Attention turning to small farms
Consistent with previous years, another key message from conference speakers was for attendees to focus efforts on eliminating farms of all types and sizes, not only the large-scale, modern operations (declared to be “factory farms”) that have historically been targeted. “Please, stop saying “factory farming” – it’s done its job,” said Hope Bohanec, projects manager, United Poultry Concerns as she emphasized that farms of all sizes are equally cruel. Bohanec continued to accuse the food industry of “humane washing” and trying to “dupe the public.” Bonahec touched on recent movements to go ‘cage-free,’ stating that all animal agriculture is bad, regardless of what labels say.
Vegans also attack ‘reducetarians’
One speaker was ridiculed by the audience for his ‘Reducetarian’ approach, which encourages people to reduce, but not necessarily eliminate, meat consumption. An audience member stated that veganism is a lifestyle, not a diet, and that “’reducetarianism’ is the animal rights version of greenwashing” (trying to make an organization seem more environmentally responsible than it actually is).
Several speakers and panels also discussed animal agriculture’s impact on the environment, a talking point the Alliance has seen animal rights activist groups relying on more heavily in recent years. Jeffrey Cohan, Jewish Veg, stated that “we know animal agriculture is the leading cause of pollution on our planet.” Lisa Kemmerer, author, Sister Species and Eating Earth, said “eating hamburgers is like driving a bulldozer over the rainforest” and “being an environmentalist who is not vegan is nonsense on stilts.”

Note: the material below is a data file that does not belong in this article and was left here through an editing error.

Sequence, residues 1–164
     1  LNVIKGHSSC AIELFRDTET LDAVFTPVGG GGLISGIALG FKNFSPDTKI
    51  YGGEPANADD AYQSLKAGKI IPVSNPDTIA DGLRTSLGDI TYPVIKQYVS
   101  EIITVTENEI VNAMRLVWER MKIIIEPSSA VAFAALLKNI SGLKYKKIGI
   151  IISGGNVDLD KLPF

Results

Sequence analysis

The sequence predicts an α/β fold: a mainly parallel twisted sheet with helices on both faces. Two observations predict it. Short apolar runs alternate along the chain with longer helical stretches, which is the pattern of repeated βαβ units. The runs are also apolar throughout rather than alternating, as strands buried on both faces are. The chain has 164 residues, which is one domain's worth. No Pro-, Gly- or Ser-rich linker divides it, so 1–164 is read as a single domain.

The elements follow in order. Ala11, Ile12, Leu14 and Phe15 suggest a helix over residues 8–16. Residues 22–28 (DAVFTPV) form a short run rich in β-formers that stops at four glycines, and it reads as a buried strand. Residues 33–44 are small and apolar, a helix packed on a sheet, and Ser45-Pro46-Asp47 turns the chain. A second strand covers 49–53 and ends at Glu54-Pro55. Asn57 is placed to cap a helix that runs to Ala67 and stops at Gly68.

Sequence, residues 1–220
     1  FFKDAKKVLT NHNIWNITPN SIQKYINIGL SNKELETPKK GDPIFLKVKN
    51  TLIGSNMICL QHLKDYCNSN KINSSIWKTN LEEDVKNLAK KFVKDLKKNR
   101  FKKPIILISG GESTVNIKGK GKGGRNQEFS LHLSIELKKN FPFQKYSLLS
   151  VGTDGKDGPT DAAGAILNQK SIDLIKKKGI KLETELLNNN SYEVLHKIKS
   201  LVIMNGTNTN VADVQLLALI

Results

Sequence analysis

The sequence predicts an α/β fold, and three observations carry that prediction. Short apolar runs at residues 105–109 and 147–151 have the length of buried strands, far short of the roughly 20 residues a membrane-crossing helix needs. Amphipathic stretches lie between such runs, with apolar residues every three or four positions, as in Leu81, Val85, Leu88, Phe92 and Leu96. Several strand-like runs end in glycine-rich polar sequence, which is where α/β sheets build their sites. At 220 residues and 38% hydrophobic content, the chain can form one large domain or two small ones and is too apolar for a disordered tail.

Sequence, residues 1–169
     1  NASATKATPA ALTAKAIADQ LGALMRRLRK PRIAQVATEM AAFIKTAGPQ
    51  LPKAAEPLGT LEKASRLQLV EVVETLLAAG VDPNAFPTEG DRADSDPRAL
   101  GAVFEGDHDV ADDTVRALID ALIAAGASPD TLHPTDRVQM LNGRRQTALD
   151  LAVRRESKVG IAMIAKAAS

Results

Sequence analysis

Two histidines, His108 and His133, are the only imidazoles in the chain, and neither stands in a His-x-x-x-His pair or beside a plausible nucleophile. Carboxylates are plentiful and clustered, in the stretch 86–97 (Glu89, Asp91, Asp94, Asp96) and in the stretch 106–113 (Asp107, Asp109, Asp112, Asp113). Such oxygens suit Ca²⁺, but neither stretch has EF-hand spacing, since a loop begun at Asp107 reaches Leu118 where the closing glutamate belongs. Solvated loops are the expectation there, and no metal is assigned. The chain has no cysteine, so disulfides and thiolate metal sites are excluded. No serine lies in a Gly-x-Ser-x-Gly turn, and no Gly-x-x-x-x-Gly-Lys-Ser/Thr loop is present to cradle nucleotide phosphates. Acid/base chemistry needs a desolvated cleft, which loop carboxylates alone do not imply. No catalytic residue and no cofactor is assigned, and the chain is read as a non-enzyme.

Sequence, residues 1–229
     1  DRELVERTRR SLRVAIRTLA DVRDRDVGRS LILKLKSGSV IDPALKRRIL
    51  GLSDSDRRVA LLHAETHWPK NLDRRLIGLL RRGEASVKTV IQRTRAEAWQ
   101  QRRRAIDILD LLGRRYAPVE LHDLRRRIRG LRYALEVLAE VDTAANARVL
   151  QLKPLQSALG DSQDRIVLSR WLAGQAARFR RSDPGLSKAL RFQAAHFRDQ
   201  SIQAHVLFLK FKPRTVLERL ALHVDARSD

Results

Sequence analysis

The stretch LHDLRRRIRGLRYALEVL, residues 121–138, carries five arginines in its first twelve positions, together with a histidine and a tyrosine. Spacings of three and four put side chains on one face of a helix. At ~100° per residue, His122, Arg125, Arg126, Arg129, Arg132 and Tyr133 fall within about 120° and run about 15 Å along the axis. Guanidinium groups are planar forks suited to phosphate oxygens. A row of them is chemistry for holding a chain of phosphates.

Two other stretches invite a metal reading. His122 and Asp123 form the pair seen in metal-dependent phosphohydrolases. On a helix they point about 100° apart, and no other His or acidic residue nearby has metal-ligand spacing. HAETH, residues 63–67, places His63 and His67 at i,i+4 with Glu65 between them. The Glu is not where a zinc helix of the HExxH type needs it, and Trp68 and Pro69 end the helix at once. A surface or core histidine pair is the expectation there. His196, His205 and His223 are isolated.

Also speaking at the conference were Nick Cooney (founder of The Humane League) and Vandhana Bala, Mercy for Animals; Ingrid Newkirk, PETA; Erica Meier, Compassion Over Killing; Steven Wise, Nonhuman Rights Project; Anita Krajnc, Toronto Pig Save; Bruce Friedrich, Good Food Institute; and Paul Shapiro, Josh Balk and Kristie Middleton, all with the Humane Society of the United States.